Ricin is a potent ribotoxin considered to be a potentially dangerous bioterrorist agent due to its wide availability and the possibility of aerosol delivery to human populations. Studies in rodents and nonhuman primates have demonstrated that ricin delivered to the pulmonary system leads to acute lung injury and symptoms resembling acute respiratory distress syndrome. Increasing evidence suggests that the inflammatory effects triggered by ricin are responsible for its lethality. We demonstrated previously that ricin administered to the lungs of mice causes death of pulmonary macrophages and the release of proinflammatory cytokines, suggesting macrophages may be a primary target of ricin. Here we examined the requirement for macrophages in the development of ricin-mediated pulmonary inflammation by employing transgenic (MAFIA) mice that express an inducible gene driven by the c-fms promoter for Fas-mediated apoptosis of macrophages upon injection of a synthetic dimerizer, AP20187. Administration of aerosolized ricin to macrophage-depleted mice led to reduced inflammatory responses, including recruitment of neutrophils, expression of proinflammatory transcripts, and microvascular permeability. When compared with control mice treated with ricin, macrophage-depleted mice treated with ricin displayed a reduction in pulmonary IL-1β. Employing mice deficient in IL-1, we found that ricin-induced inflammatory responses were suppressed, including neutrophilia. Neutrophilia could be restored by co-administering ricin and exogenous IL-1β to IL-1α/β−/− mice. Furthermore, IL1Ra/anakinra cotreatment inhibited ricin-mediated inflammatory responses, including recruitment of neutrophils, expression of proinflammatory genes, and histopathology. These data suggest a central role for macrophages and IL-1 signaling in the inflammatory process triggered by ricin.
The U.S. Chemical Warfare Service began studying ricin as a weapon of war near the end of World War II. In recent years, ricin has become a tool of extremist groups in the United States and abroad as a result of ricin’s ease of production and high toxicity (1, 2, 3, 4). The toxicity of ricin is ∼1000-fold greater by aerosol delivery to the respiratory system than by oral ingestion (5), suggesting that delivery of ricin in aerosol form would constitute an effective means of delivery to human populations by terrorist groups. Studies in rodents and nonhuman primates have demonstrated that ricin delivered into the pulmonary system leads to acute lung injury and symptoms resembling acute respiratory distress syndrome (ARDS)3 (6). ARDS is characterized by inflammation and increased permeability of the lung epithelial barrier (7), and it remains a leading cause of morbidity and mortality in clinical settings (8, 9). When administered to the lungs of animals, ricin induces a rapid massive migration of inflammatory cells, predominantly neutrophils, and causes apoptosis of alveolar macrophages (10). Subsequent effects of ricin exposure include pulmonary edema as well as apoptosis and necrosis of the endothelium and epithelium that constitute the lung surface barrier (11). In addition to direct effects of ricin on the pulmonary system, we have reported that intratracheal delivery of ricin to the lungs produces systemic consequences that produce inflammatory changes in multiple organs of the body, including the kidney, liver, and spleen (12).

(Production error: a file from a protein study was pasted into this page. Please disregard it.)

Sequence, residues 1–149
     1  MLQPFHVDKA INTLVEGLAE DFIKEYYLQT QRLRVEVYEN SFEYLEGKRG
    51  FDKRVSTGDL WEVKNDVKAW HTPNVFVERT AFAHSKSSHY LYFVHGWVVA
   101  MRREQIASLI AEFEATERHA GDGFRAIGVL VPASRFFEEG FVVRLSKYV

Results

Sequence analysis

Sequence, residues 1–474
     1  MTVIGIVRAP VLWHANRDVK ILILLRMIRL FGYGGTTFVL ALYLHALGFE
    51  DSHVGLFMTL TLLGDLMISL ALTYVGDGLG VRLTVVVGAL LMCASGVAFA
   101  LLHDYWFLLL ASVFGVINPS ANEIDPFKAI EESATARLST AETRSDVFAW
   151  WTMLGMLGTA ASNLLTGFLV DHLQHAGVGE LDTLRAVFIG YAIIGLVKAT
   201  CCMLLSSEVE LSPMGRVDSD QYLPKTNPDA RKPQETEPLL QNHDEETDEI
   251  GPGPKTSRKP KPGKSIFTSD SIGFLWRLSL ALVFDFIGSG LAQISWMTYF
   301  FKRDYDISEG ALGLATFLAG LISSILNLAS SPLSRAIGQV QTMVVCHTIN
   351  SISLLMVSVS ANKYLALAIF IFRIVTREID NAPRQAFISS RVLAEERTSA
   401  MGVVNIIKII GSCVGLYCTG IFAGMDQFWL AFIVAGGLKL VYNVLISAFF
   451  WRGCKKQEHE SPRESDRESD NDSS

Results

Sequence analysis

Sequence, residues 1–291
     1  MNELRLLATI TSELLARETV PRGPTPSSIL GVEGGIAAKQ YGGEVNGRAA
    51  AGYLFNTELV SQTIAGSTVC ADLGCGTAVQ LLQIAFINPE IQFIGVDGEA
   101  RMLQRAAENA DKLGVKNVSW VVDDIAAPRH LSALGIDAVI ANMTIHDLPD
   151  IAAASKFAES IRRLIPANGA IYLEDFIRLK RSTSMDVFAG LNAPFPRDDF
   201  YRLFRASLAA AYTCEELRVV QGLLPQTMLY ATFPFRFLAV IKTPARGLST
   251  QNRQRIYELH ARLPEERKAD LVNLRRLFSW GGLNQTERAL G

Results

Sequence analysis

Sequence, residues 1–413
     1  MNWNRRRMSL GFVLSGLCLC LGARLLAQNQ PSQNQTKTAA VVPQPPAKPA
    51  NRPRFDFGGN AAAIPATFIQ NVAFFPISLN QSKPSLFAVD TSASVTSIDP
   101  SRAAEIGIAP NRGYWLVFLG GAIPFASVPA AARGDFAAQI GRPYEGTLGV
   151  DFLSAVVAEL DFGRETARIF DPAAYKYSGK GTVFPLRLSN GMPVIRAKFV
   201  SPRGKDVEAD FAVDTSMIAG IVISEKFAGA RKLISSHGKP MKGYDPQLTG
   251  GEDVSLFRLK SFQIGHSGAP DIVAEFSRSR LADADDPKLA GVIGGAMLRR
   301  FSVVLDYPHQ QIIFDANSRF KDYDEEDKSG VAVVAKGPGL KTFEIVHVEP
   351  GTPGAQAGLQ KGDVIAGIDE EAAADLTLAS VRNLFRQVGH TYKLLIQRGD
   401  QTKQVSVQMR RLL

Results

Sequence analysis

Ricin is a 62-kDa protein consisting of two glycoprotein chains linked by a disulfide bridge. The 34-kDa B chain, a lectin that binds primarily to galactose-containing surface proteins, facilitates the internalization of the 32-kDa A chain, the toxic moiety. Following endocytosis and retrograde transfer through the Golgi apparatus, the A subunit of ricin enters the cytosol where it depurinates a single adenine (A4256 in mouse) in the 28S rRNA ribosomes. The depurination of the A4256 is directly responsible both for the inhibition of protein translation (13, 14, 15) and the initiation of upstream events that lead to inflammatory responses (16). We reported the mechanism connecting the inhibition of protein synthesis and the activation of proinflammatory phenomena by demonstrating that ricin mediates activation of stress-activated protein kinases (SAPKs) by producing lesions in the peptidyl transferase center of 28S rRNA (17). The two classes of SAPKs in mammalian cells are the JNKs and the p38 MAPKs, both of which are activated by upstream kinases called SAPKKs and SAPKKKs (18, 19, 20, 21). SAPKs belong to the family of MAPKs, which also include ERKs, and are important mediators through which stress signals are transduced to modulate expression of proinflammatory genes (22, 23, 24). Recent studies have identified ZAK/MLK7 as the MAP3K whose activation by ricin and related toxins leads ultimately to the phosphorylation and activation of the SAPKs (25). We demonstrated that delivery of ricin to both pulmonary and extrapulmonary tissues mediated the activation of JNK and p38. Another early consequence of ricin exposure is the activation of NF-κB, a rapid-acting primary transcription factor that induces expression of genes encoding several proinflammatory cytokines and chemokines (12, 16, 26). Primary human airway epithelial cells and primary murine macrophages respond to ricin in vitro through activation of both MAPK and NF-κB (26, 27), but the specific cell types responsible for ricin’s lethal inflammatory effects in vivo remain unclear.